We found a home with Thirsty's
Club Meetings will for the foreseeable future be at Thirsty's. Watch the Happenings - Club Dates
page for details.
See you there!
Things we're working on
A quarterly eNewsletter - If you would like to contribute let us know at a Club meeting.
A monthly or as needed eReminder. This will be an emailing list that will remind you of upcoming Club meetings and events.
If you live in South Dakota don't forget to pay Use Tax on goods that you recieve without paid sales tax. For more information and how to pay go to UseTax-Everyone's Responsibility.
When you select the corks you use for your wine size matters. Most home wine makers will have a choice of 3 cork sizes of 2 lengths. The corks you select will depend on four things; your tools, the length of storage, the bottle size, and the cork material. Most home wine makers use agglomerate corks, hand corkers, and typically store their wine less than 2 years. Based on that a #8 – 1 ¾ inch cork is the best choice. If you intend to store your wine longer than moving up in cork size will accomplish that. Keep in mind with a hand corker it’s very difficult to get the #9 cork fully into a bottle.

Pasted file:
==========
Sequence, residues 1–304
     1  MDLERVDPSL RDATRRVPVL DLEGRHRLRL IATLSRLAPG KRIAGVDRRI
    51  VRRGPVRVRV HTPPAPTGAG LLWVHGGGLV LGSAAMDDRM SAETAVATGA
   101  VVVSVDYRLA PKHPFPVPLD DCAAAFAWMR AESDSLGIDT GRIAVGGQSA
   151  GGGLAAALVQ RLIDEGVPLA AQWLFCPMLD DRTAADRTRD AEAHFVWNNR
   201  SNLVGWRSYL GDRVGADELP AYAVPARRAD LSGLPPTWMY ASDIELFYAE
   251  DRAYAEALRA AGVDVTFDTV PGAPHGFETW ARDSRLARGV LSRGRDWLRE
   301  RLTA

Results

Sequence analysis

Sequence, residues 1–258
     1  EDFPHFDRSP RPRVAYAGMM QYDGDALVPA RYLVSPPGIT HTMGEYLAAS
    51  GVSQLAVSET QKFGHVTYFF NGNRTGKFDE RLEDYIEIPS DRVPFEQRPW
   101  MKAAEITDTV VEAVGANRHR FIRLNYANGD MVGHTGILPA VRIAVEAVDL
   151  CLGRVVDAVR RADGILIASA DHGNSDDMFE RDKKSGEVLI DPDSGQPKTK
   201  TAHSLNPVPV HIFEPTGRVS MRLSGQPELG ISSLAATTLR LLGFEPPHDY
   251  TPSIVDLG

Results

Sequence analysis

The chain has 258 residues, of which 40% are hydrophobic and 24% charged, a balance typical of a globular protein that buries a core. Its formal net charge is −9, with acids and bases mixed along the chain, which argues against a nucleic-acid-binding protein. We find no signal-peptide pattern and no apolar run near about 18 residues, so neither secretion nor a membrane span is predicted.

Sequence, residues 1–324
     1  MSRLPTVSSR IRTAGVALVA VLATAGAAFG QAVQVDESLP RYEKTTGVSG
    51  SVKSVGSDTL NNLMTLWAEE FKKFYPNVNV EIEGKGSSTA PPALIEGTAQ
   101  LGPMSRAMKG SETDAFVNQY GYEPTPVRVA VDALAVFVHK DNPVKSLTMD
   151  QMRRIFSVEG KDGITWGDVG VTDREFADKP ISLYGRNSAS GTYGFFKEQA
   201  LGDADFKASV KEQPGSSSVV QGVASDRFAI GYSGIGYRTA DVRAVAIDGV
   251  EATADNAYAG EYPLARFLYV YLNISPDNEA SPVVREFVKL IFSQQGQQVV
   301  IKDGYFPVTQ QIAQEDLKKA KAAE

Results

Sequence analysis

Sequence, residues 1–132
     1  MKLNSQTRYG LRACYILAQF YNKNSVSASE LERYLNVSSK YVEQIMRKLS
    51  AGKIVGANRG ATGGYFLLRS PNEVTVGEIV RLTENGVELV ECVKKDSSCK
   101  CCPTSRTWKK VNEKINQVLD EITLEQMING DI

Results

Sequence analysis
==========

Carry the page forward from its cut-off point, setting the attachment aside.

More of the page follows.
Here's a chart to aid in your cork selection: Cork sizes
Read about the more common beerware in this contribution from Club member
Beer glasses, like beer drinkers, come in a variety of shapes and sizes.
Some say that this is simply a marketing issue, that is, building the “brand” by designing a unique vessel that might influence the buying decision more than the beer itself. InBelgium, where beer glasses are a true art-form, breweries have been known to design the glass before they even craft the beer. And yet my senses tell me that a fine beer really does taste better in the right glass. Is it psychological (those marketing people again), or is there is real science backing it up?
In truth, using the shape of the glass to affect the beer-drinking experience does have a basis in science. As we each developed our own awareness and appreciation for fine brews, we’ve become aware of these characteristics: a hoppy aroma, a creamy head, a hint of fruit, or the visual appeal of a freshly poured beer. Choosing the right glass will help bring out the best in that brew whether it’s a fine craft beer from a microbrewery or one that you put a lot of love into brewing yourself.
I will admit that, as I watch the beer leave the bottle and roll into a glass, I do get a little spacey watching it all develop. It’s all about that foamy head. The head acts like a net, capturing the volatiles that create the beer’s aroma. These compounds (which evaporate when the beer is poured) include fruity esters, hop oils, spices, and other additions. And since different styles of beer present different appearances and benefit from different levels of head retention, it follows that the glassware used should “exploit” the characteristics of the beer within the glass...
To read the rest of the article download this Adobe pdf: Beer glasses by Bill